Education being the citadel for one’s knowledge and learning opted for many innovations. One such innovation was science and technology. The development of such science and technology was beyond any imagination. Time was rationed for human being to learn and to educate himself. The advancement of science and technology paved way for education at his doors by offering distance education. He could enrich his knowledge and learn anything from anywhere and anywhere. He need not spend fixed timings to satiate and quench his thirst and could depend upon distance education. Technology promotes a collaborative, active, participatory, and individualized type of learning will change the way students are taught. With the use of such tools, Richardson (2006) identified ten important learning shifts in the future prospects. • Open content: open sources of information
• 24/7 learning
• Social, collaborative construction of meaningful knowledge • Teaching is conversation, not lecture
• Know “where” learning: knowing where to find information • Readers are no longer just readers
• The web as notebook
• Writing is no longer limited to text
• Mastery is the product, not the test
• Contribution, not completion, as the ultimate goal
In their study to explore the future trends of online education, Kim and Bonk discovered that, in the future, online cooperation, case-based learning and problem-based learning would be the preferred instructional methods for online instructors (Kim & Bonk, 2006). Presently, there is a lack of research in the area of Web 2.0 tools and their implications to students’ performance. Although much anecdotal research supports the use of the tool, pragmatic data and research have yet to be carried out in the area. The Web 2.0 tools will not only play a bigger role in education but will also encourage higher order intricacy thought, problem-solving and integration through collaboration and innovation.
This research was an adopter study  where the idiosyncratic approach is to “survey organizations in some population of interest to capture data about (1) the characteristics of those organizations and their implementation contexts and (2) the timing and/or extent of implementation of one or more innovations.” The researcher used a data set to scrutinize the acceptance of technology mediated distance education in the U.S. higher education sector. Perhaps the most prominent difference of this sector is its widespread heterogeneity among market participants in terms of their resources, market research and focus (e.g., research universities versus liberal arts colleges), and governance and mission (e.g., public versus private institutions). The literature on implementation of IT provides factors likely to influence the adoption of technology mediated distance. The two behaviours have generally been modelled as being influenced by the same set of factors that lead to initial use , ,  and .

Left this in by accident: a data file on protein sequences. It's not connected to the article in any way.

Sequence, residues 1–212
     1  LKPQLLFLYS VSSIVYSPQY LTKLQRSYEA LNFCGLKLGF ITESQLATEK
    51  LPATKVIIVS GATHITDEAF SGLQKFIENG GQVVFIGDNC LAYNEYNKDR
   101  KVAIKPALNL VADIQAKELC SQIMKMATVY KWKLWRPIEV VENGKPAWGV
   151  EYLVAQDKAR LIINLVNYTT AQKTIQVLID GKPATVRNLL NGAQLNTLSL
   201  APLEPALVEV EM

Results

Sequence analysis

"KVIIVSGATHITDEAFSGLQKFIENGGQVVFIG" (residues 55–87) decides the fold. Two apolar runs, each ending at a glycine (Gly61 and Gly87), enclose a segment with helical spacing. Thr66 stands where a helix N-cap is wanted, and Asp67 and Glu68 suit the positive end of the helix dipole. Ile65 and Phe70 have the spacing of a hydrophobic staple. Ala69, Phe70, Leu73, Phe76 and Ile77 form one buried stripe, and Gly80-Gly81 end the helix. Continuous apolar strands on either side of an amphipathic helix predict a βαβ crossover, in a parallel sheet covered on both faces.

Prior research has consistently shown a positive relationship between organization size and innovativeness . The most common reasons for this comprise economies of scale , slack resources , access to outside resources , and ability to bear implementation risks . Size should also be important in our context because larger institutions are more likely to have the technology infrastructure that is essential for providing TMDE. Therefore, we included institutional size (total enrolment) as a control and expected it to have a positive relationship with both acceptance and post-acceptance behaviour.
Organization and technology fit
An organization with a high tendency to innovate may still lag in acceptance if the innovation does not fit its needs, strategies, resources, or capabilities. The literature on the diffusion of IT support the importance of characteristics that capture the...